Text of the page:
When you initially wrote your business plan you will no doubt have factored in your start-up costs. These will have included the cost of premises, equipment, staff, vehicles, marketing and supplies. What you may not have accounted for is all of the likely monthly outgoings that you will need going forward. Some things may not even have occurred to you and you may be uncovering costs as you go but you may have had a clear picture from the start and worked these into your turnover projections. Have you factored in your future growth plans and what investment will be needed to achieve these?
There may be some costs you just don’t foresee and there will undoubtedly be bills that present themselves when you least expect it. For small businesses who are working to a budget these can be hard to plan for so how do you plan for all eventualities?
- Work out the monthly outgoings that are regular and planned for. These will be costs like staff, premises, vehicles etc.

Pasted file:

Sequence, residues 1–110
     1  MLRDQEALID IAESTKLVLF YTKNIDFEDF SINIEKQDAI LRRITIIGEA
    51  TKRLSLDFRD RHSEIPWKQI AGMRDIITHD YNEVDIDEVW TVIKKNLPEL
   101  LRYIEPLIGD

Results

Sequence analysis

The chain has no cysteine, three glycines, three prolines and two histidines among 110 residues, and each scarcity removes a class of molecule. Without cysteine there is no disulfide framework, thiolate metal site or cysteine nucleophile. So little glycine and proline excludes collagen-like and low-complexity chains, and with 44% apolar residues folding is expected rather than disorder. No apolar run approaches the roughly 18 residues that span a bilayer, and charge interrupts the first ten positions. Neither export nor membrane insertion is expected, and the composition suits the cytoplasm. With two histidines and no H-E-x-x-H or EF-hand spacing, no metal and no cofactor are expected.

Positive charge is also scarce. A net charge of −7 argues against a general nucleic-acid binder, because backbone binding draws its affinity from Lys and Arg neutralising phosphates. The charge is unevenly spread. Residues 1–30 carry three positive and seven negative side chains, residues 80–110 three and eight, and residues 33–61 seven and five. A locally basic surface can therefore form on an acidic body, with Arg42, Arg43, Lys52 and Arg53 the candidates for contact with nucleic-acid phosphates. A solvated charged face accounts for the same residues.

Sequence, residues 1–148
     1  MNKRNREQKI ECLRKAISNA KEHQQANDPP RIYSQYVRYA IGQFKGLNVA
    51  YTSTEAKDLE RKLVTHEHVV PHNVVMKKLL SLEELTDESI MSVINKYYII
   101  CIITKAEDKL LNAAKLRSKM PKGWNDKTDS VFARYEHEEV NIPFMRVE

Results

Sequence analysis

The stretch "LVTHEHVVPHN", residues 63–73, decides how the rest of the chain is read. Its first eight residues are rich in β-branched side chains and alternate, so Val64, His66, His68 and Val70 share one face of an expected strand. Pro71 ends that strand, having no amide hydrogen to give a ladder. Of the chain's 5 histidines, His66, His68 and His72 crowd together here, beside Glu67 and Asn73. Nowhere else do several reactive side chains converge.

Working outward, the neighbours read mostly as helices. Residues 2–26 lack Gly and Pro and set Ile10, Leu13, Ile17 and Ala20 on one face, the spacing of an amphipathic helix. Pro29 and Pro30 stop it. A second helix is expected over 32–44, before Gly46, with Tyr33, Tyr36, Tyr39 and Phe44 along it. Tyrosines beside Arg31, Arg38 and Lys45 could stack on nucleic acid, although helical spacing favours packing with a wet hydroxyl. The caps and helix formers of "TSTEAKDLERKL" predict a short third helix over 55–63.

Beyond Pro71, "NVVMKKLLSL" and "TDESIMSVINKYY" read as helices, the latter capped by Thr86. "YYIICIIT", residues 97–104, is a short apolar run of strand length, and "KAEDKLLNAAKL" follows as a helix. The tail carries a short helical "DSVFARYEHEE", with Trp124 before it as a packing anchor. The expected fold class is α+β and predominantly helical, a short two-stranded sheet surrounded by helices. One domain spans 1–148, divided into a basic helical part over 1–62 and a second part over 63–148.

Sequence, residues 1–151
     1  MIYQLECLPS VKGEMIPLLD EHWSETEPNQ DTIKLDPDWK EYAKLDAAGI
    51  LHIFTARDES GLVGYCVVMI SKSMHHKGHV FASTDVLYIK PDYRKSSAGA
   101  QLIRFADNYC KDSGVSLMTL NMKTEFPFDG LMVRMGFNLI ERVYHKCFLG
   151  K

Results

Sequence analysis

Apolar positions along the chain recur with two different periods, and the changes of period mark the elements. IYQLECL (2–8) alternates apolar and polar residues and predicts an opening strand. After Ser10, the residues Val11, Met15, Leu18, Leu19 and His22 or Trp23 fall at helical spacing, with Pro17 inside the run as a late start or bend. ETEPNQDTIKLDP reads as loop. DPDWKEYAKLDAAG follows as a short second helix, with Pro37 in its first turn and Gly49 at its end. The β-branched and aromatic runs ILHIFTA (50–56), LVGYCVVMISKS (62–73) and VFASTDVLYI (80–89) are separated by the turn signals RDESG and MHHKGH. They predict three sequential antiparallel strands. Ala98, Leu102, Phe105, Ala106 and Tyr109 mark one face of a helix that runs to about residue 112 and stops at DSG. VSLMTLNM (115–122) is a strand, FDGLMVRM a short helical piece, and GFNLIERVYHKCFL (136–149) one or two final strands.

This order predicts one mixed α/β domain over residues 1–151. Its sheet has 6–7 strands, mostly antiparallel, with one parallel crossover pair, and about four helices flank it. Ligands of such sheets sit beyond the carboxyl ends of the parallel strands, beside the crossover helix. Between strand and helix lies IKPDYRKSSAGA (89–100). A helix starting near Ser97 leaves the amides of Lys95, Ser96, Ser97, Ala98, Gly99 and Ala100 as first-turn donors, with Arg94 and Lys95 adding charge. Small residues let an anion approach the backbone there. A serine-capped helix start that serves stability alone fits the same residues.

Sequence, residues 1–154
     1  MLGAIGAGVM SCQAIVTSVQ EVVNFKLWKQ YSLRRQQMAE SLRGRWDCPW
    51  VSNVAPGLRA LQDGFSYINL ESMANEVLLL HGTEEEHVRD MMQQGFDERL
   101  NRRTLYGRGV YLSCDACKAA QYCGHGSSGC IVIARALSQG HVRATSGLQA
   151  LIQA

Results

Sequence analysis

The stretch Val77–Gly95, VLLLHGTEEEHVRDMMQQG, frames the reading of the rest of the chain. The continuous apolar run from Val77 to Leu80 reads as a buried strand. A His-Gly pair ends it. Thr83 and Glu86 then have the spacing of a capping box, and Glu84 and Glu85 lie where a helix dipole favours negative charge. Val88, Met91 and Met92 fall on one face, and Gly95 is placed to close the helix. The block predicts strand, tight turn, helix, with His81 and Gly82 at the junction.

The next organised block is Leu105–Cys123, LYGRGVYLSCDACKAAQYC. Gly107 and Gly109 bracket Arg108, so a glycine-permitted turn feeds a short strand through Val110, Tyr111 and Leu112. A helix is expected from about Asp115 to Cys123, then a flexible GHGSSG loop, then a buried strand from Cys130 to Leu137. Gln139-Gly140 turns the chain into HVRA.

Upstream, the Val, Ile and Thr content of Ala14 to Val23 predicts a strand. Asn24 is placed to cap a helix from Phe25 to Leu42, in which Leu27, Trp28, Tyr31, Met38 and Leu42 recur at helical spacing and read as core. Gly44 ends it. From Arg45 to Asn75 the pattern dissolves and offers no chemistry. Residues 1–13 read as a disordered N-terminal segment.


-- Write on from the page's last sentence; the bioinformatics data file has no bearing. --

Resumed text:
- Ensure you are putting enough aside for your tax bill. Seek advice from an accountant and ensure you know, based on your projected turnover, what your tax bill is likely to be.
- Make a list of future investments that you plan to make in the future in order of priority. You may want a new computer system or a bigger van. These are the things on your wish list rather than your list of necessities.
- Ensure you have a “rainy day fund” or an emergency fund for any repairs, costs that you haven’t planned for etc.
- Consider even the smaller insignificant bills – monthly insurance for your phone, computer etc. They may be small but they soon add up.
- Plan your marketing budget – this can be a huge cost for some businesses so it is important to allocate accordingly. As a rule of thumb traditionally businesses were recommended allocating 4% to turnover to marketing and advertising.
- Investment in the future should be something that you are considering. You may be in the early stages of your business and just finding your feet but it is still important to plan for future growth. What does this look like and what will you need? It may be that you need to hire more staff or lease more equipment.
This list is just to give you an idea of the costs involved and the costs that you should plan for and is by no means exhaustive. Only you will know your own business, how much it costs to run and what it will cost to grow. It is important to take time to work out and analyse your costs. Once you have a clear picture of everything you can begin to see a clear picture of your profit. After all that is the bottom line for any business.